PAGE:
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Phonological encoding in adults who clutter and adults who stutter

Bretherton-Furness, J. (2016) Phonological encoding in adults who clutter and adults who stutter. PhD thesis, University of Reading

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Background: Stuttering and cluttering are related but contrasting disorders of fluency. Whilst stuttering has received a great deal of attention in the research literature over the last 100 years, cluttering has remained relatively neglected. There is ongoing debate regarding whether there is a language/phonological component to cluttering or whether it is solely a motoric and/or rate-based disorder. The following thesis aims to investigate the phonological encoding skills of both adults who stutter (AWS) and adults who clutter (AWC) in contrast to fluent controls. Method: Three groups were used, comprising 14 AWS, 14 AWC and 15 matched controls. A variety of phoneme monitoring and syllable detection tasks designed to eliminate possible motor influences were used. Results: It was found that AWS and AWC performed in a similar manner; they were both less accurate in detecting phonemes in real words than controls and in detecting phonemes in silent picture naming. There were no differences (between AWS, AWC and controls), however, in syllable detection accuracy or in time taken to make judgments on monitoring for phonological differences, nor were there any differences in phoneme monitoring in non-words or in the accuracy of phoneme monitoring in silent reading. Discussion: Findings lend some support to the notion that phonological encoding may be impaired in both AWS and AWC. Findings are discussed in relation to phonological theories such as the covert repair hypothesis. Alternative interpretations, wider implications and the impact on participants accuracy of factors such as the type of phoneme being monitored for and the length of the word used are all discussed in greater depth.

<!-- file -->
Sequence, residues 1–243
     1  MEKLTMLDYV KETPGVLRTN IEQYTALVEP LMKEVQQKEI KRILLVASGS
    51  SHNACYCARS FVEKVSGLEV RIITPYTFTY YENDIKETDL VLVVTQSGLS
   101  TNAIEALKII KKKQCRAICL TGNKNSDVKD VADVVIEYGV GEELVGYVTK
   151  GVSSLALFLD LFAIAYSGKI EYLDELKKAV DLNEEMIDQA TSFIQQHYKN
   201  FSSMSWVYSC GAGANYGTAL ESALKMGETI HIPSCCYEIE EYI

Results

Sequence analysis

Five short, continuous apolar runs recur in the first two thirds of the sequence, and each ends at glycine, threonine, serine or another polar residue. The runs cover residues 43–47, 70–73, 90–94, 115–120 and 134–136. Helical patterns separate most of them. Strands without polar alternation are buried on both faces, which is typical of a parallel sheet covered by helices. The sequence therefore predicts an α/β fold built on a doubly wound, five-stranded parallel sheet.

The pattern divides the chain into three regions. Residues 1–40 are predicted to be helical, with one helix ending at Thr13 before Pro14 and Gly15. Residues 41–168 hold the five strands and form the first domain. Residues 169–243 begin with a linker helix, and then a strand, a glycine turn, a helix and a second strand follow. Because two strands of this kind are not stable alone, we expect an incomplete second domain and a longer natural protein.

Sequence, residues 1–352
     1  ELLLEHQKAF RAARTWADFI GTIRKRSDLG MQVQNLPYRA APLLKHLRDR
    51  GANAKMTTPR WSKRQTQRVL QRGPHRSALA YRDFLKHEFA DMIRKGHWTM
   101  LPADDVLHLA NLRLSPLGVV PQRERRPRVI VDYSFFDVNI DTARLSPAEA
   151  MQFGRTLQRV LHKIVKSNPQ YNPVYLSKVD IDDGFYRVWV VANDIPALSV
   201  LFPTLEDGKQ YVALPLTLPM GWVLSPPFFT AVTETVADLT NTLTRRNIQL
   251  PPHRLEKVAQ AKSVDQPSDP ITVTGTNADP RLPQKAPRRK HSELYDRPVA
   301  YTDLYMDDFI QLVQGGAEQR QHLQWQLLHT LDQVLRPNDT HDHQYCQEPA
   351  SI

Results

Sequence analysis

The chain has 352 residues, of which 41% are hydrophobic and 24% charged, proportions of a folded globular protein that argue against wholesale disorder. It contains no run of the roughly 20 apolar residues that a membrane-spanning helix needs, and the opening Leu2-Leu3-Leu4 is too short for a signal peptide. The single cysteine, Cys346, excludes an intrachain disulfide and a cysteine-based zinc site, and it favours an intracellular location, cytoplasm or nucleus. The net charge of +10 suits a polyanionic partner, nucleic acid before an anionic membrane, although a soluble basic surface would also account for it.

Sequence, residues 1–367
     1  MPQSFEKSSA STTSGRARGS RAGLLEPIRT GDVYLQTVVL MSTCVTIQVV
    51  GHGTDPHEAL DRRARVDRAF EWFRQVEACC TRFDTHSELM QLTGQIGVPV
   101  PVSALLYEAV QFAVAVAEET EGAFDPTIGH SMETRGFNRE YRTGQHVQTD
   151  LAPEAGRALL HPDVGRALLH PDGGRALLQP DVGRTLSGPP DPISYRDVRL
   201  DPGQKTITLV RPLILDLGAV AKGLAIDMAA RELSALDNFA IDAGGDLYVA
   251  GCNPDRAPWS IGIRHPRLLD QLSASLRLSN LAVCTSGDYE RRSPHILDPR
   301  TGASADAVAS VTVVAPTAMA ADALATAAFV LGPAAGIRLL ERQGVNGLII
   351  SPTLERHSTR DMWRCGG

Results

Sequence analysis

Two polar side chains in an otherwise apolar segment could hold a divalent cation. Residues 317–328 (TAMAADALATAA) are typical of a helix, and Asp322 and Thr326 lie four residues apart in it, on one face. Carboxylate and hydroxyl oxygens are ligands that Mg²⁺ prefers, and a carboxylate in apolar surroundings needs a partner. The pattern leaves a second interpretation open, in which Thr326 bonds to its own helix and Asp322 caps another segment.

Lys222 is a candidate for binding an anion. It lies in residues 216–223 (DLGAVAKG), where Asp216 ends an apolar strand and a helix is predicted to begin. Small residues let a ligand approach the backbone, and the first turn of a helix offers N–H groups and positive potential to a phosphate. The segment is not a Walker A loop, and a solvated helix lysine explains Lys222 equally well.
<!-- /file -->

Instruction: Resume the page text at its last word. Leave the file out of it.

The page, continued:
Item Type:Thesis (PhD)
Thesis Supervisor:Ward, D.
Thesis/Report Department:School of Psychology and Clinical Language Sciences
Identification Number/DOI:
Divisions:Life Sciences > School of Psychology and Clinical Language Sciences
ID Code:68308


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